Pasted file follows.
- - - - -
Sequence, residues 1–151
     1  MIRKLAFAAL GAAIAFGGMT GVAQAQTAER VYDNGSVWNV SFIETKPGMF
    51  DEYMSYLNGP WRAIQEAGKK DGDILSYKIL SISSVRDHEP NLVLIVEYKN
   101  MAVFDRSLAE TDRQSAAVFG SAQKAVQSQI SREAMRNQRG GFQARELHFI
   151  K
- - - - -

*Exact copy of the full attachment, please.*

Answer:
Sequence, residues 1–151
     1  MIRKLAFAAL GAAIAFGGMT GVAQAQTAER VYDNGSVWNV SFIETKPGMF
    51  DEYMSYLNGP WRAIQEAGKK DGDILSYKIL SISSVRDHEP NLVLIVEYKN
   101  MAVFDRSLAE TDRQSAAVFG SAQKAVQSQI SREAMRNQRG GFQARELHFI
   151  K